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    1. I don’t think that this was “making a stand to make a change”, because with ALL the power in Republican hands, it will be business as usual – and I do mean *business*. The trend towards corporate and capitalist hegemony will just accelerate, and this won’t help the “forgotten” older white, less educated male cohort who are Trump’s base. What will happen when they realize that he isn’t Jesus, that he’s just a narcissist blowhard who made enormous, impossible promises (a wall? millions of jobs? deport 11 million Mexicans?) It certainly is a green light to the enterprises that abuse animals on an industrial scale, and kiss the environment goodbye, along with health insurance for millions of Americans. I am particularly sick at heart about the Tennessee Walking Horse – although I’m a Canadian, I have been involved from afar in the struggle to end the torture of soring. But I think now it’s RIP the Past Act (Prevent All Soring Tactics) and RIP the recent executive order by Obama to amend the Horse Protection Act by banning stacks and chains. Another four years of torture and misery for the horses, and the big lickers are dancing in the streets. (It is on record that Trump intends to “erase the Obama administration”.) I remember how frightened I was during the Cuban Missile Crisis. I’m more frightened now.

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  4. My family sat in horrified silence last night watching the election from Canada. Even the newscaster was struggling. I am so sorry for you all! This is a strong reminder that fear, ignorace and hate are powerful motivators. But compassion and unity are far stronger and I pray your country finds its way out of this.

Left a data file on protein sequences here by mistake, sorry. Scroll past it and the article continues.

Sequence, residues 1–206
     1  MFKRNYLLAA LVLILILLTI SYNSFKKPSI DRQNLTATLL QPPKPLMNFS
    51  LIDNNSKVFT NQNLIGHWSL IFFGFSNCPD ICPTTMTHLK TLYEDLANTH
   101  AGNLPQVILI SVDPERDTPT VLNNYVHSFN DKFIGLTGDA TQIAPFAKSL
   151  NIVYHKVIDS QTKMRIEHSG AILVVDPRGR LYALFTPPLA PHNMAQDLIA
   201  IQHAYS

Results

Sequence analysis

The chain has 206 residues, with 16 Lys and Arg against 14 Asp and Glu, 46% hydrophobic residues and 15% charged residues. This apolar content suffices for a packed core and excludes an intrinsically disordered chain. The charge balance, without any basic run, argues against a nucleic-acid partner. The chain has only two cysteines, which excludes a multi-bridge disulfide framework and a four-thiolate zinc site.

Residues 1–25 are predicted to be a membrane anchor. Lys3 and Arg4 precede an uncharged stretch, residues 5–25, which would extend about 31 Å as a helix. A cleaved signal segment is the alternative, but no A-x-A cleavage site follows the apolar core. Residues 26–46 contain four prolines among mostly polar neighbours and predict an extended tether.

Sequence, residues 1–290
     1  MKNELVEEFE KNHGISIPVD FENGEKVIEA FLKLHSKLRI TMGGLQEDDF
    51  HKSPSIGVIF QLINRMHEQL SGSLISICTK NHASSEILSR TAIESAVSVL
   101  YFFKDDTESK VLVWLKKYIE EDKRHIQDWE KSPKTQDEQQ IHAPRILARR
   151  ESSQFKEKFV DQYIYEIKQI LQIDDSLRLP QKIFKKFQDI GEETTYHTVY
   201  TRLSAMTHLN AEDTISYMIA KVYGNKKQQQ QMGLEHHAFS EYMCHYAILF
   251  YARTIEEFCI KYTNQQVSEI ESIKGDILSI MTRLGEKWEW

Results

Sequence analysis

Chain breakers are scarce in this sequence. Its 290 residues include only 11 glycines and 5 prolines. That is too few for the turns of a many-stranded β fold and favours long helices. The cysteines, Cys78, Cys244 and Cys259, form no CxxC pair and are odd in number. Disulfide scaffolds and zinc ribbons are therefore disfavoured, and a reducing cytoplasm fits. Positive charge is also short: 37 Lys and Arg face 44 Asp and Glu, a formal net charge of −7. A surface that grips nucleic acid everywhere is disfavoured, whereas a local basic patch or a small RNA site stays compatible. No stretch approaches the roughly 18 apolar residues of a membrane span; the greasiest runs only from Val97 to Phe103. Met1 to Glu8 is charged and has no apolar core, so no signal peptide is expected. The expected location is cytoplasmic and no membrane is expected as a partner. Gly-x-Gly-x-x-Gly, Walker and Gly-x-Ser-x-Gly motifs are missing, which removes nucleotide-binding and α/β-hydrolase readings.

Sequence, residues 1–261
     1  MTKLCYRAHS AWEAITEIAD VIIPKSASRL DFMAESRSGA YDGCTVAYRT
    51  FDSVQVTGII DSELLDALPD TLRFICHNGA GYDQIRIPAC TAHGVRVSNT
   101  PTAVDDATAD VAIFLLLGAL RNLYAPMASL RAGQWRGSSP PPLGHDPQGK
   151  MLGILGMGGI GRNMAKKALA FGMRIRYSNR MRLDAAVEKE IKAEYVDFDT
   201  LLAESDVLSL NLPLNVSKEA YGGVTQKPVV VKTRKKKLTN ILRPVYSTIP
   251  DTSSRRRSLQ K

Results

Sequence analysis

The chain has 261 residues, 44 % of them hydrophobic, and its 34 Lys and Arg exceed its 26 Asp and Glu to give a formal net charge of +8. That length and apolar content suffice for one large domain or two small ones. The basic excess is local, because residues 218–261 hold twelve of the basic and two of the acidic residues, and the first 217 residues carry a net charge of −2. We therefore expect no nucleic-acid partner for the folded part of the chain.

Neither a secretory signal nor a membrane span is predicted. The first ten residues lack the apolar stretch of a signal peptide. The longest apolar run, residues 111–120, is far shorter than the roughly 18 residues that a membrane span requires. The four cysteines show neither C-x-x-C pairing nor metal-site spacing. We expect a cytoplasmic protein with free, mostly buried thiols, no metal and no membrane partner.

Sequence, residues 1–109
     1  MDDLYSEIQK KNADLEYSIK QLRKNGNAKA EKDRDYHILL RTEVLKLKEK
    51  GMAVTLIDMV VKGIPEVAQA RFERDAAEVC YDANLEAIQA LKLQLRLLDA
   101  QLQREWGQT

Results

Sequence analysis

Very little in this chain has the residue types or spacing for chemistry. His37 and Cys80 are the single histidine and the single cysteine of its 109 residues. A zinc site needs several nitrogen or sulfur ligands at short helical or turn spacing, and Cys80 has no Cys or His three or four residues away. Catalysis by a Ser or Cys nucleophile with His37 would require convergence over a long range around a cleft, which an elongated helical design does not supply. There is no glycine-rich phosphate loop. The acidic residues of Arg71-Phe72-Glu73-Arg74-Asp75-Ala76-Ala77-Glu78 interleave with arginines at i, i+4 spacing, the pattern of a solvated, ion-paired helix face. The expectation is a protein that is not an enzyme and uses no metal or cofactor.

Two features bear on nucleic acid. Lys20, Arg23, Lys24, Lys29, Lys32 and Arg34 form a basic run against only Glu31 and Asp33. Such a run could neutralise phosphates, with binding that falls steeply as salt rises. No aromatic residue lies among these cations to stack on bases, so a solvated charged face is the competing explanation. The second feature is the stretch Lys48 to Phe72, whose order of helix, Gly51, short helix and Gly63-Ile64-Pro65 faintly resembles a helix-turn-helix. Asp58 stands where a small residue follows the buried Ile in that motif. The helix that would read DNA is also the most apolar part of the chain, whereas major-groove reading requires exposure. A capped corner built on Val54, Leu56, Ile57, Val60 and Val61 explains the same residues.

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  5. Thank you for this post. I too am scared. I have many reasons to be. I am a woman. I am an African American. My sister is a Muslim, and my best friend of 26 years is an Irish immigrant (hopefully her green card will help her). I have a whole lot less optimism. And those who say they are happy our country to a stand, still goes to show that there is very much a lack of understanding and empathy for minorities. Yes we as Americans need things to change but not setting us backwards 60+ years. My parents lived through Jim Crown. To know that they actually had to legally bow to to whites, couldn’t go into a store, a bathroom, or drink from the same water fountain as a white, my mother had to step off the sidewalk and walk across the street because it was not allowed to walk on the same sidewalk as a white person. And now her we have a president who seems he would make this world a reality again. It is so sad to see how one man has divided a nation racially. Luckily our government is run on checks and balances and he can’t just do all the things he said he was going to do (cough cough, WALL). Amanda you feel like you are looking over your shoulder, and you should be. But imagine the Hispanics, the African American men. I feel the same way but it’s mostly because who of my “friends” are secret bigots? I am glad to here you are not. I just keep telling myself it is only 4 years (or less if they impeach him on something he does stupid). Sorry such a long response. I go play horses now and forget about this for a few hours.

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  6. I wasn’t sure how I was going to react to this election if he was elected. But as I sat in complete horror, waiting and hoping that this was just a nightmare, I realized i was more interested in this than ever before. I am sick, angry, and full of sadness. Why is there so much hate in the world? How did hate win? I was bullied throughout my school career, and now we’ve elected the biggest bully I’ve come across.